This Means War[edit]

Written and directed by Andrew Kasch and John Skipp.

Boris (Dana Gould) has proudly finished his Halloween-decorated house. But when children are about to greet his house, they are scared away because of his neighbor, Dante (James Duval) has set-up a rock and gore-oriented Halloween decorations on his house, complete with loud rock music blasting from the speakers. Boris walks up to Dante's yard to ask him to turn the volume lower, but Dante and his colleagues just laugh at him and mock his decorations. Enraged, Boris wrecks the sound system and halts the music, but Dante exacts revenge by planning to throw a huge bucket of blood to Boris' slick Halloween decorations. As Boris runs up to stop Dante, the latter splashes the blood on the former instead, and declares a war. Spectators begin to crowd as the two fight, placing bets and egging them on until the police come. Boris charges Dante towards a sharp piece of standing wood, killing both of them instantly, shocking the crowd.

Friday the 31st[edit]

Written by Mike Mendez and Dave Parker, directed by Mike Mendez.

A deformed serial killer (Nick Principe) who resembles Jason Voorhees hunts a girl dressed as Dorothy for Halloween (Amanda Moyer). The girl runs to a barn where she discovers several of the killer's victims, among them her friend, Casey. The killer hunts her down to the barn, and when she manages to escape and flee, he kills her by throwing a spear through her chest. As the killer celebrates the slaying, a UFO beams down a small alien that tries to trick-or-treat. The killer proceeds to stomp over the tiny alien, seemingly crushing him, but the alien instead turns into goo and possesses the victim's body, chasing the panicked killer into his barn. The possessed girl and the killer then proceed to attack each other with sharp objects, which eventually concludes with both of them decapitating each other. The alien then leaves the girl's decapitated head to teleport back to his spaceship, taking the killer's head with him.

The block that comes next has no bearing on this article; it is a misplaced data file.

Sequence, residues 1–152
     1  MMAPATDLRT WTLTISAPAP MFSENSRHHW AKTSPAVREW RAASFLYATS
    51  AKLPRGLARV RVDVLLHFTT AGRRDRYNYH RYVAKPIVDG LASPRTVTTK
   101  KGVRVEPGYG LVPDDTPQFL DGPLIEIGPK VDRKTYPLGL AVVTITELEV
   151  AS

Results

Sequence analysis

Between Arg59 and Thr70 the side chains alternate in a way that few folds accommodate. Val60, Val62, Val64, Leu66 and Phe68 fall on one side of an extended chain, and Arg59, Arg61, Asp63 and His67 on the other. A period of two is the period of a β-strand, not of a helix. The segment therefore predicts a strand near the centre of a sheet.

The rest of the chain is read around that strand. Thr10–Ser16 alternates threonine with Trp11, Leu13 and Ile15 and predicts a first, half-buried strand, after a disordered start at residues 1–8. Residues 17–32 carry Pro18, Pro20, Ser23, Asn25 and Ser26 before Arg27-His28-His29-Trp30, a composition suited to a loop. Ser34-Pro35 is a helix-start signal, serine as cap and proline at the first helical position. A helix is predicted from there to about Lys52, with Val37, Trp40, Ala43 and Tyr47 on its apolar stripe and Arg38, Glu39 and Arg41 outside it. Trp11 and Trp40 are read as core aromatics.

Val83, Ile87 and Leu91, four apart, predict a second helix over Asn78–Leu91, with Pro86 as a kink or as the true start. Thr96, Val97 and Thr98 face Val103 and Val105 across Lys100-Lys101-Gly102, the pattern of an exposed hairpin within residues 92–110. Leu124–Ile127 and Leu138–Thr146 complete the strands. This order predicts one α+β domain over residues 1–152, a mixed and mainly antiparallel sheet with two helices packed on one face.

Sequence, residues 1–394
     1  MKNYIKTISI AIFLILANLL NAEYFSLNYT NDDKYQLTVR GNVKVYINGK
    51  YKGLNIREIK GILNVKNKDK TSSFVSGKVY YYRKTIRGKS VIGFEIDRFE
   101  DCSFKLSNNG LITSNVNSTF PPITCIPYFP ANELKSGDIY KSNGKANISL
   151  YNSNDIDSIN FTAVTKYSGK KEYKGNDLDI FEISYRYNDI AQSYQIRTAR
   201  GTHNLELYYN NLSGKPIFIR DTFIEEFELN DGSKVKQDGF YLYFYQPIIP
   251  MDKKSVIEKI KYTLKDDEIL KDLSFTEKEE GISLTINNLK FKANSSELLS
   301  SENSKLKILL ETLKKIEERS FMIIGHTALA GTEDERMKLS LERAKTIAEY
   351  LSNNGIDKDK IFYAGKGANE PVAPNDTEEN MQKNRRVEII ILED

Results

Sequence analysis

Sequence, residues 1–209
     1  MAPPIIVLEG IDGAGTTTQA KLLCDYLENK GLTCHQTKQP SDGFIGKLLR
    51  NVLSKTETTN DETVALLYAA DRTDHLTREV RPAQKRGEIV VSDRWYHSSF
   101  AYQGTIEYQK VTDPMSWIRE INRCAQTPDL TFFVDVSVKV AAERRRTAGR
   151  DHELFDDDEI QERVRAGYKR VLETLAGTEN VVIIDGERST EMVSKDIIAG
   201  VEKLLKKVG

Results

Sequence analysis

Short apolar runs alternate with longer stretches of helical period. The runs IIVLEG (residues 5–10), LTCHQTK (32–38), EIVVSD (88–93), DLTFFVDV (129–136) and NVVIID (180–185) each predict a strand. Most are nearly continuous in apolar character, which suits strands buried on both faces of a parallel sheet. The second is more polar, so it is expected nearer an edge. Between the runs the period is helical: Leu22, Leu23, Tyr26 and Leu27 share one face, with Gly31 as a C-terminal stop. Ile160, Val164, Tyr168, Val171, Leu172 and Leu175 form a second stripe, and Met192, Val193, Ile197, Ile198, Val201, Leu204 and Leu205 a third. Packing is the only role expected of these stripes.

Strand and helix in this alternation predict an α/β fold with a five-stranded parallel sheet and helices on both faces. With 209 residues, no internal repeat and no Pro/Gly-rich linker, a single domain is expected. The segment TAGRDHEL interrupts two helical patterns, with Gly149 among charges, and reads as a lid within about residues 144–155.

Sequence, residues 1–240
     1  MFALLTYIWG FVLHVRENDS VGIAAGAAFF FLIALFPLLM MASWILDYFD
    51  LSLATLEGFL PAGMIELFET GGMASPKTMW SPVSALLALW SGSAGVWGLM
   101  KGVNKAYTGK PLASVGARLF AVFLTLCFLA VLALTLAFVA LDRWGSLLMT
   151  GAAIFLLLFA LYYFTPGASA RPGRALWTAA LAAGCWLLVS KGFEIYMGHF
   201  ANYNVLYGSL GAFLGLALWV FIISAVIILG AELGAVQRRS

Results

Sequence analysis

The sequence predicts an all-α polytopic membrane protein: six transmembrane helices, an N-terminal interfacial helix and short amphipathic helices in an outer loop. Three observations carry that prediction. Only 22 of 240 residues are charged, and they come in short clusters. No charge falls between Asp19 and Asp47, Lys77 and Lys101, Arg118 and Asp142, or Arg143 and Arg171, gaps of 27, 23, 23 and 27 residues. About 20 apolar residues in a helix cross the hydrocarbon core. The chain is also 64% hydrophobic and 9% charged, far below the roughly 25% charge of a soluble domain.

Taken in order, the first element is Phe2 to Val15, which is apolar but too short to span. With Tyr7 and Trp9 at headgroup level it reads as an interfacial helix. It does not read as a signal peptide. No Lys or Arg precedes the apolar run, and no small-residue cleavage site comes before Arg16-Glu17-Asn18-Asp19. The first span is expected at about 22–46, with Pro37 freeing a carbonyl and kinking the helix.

The Ransom of Rusty Rex[edit]

Written and directed by Ryan Schifrin.

When they spot millionaire Jebediah Rex (John Landis) letting his son Rusty (Ben Woolf) out for trick-or-treating, former bank robbers Hank (Sam Witwer) and Dutch (Jose Pablo Cantillo) set out their plan to kidnap the millionaire's son. After succeeding doing so, the kidnappers tied up a still-masked Rusty into a chair and call his father. However, the father seems overjoyed that his son has been kidnapped and promptly hangs up the phone. Hank calls him one more time to discuss the ransom, but the father coldly tells them they can have his son. Exasperated, the kidnappers find out that the son is actually a deformed monster that clings to the people near him. They try to sink him in the river, but he comes back to their lair. Hank calls Jebediah once more, only to be told that Rusty has been holding Jebediah and his wife hostage for five years as he would not leave them, and thanked the kidnappers for taking him away from them. Hank and Dutch once again tied Rusty and set him on fire, but as Hank comes back from buying food, Rusty, who has gotten hungry, has eaten Dutch's entire body up to his head. The segment ends with Hank screaming.

Bad Seed[edit]

Written and directed by Neil Marshall.

After a man has his head bitten off by a massive pumpkin he has just carved, Detective McNally (Kristina Klebe) investigates the crime scene. At first she refuses to believe the description of the victim's wife, but after the forensics team member, Bob, confirms the killer was indeed a carved pumpkin, she works to put a stop to it. The pumpkin proceeds to eat a trick-or-treating child and terrorizes the neighborhood, which has already suffered from the events portrayed earlier in the film. McNally manages to track the killer pumpkin down to a backyard, where it attacks her; though she initially runs out of bullets, Bob appears with a shotgun, and she is able to destroy it. Among the broken pieces of pumpkin, she finds a sticker from a company called Clover Corp. advertising the pumpkin as a 100% organic super-pumpkin. McNally and Bob visit the Clover Corp. headquarters and discover thousands of genetically-modified pumpkins, all potentially dangerous, waiting to be sold.

Cast[edit]

Wraparound[edit]

Sweet Tooth:

The Night Billy Raised Hell:

  • Barry Bostwick - Mr. Abbadon
  • Marcus Eckert - Billy
  • Christophe Zajac-Denek - Mordecai/Little Devil
  • Ben Stillwell - Todd
  • Natalis Castillo - Britney
  • Adam Pascal - Dentist
  • Adrianne Curry - Herself
  • Rafael Jordan - Alien

Trick:

  • John F. Beach - James
  • Tiffany Shepis - Maria
  • Casey Ruggieri - Catilyn
  • Trent Haaga - Nelson
  • Marnie McKendry - Princess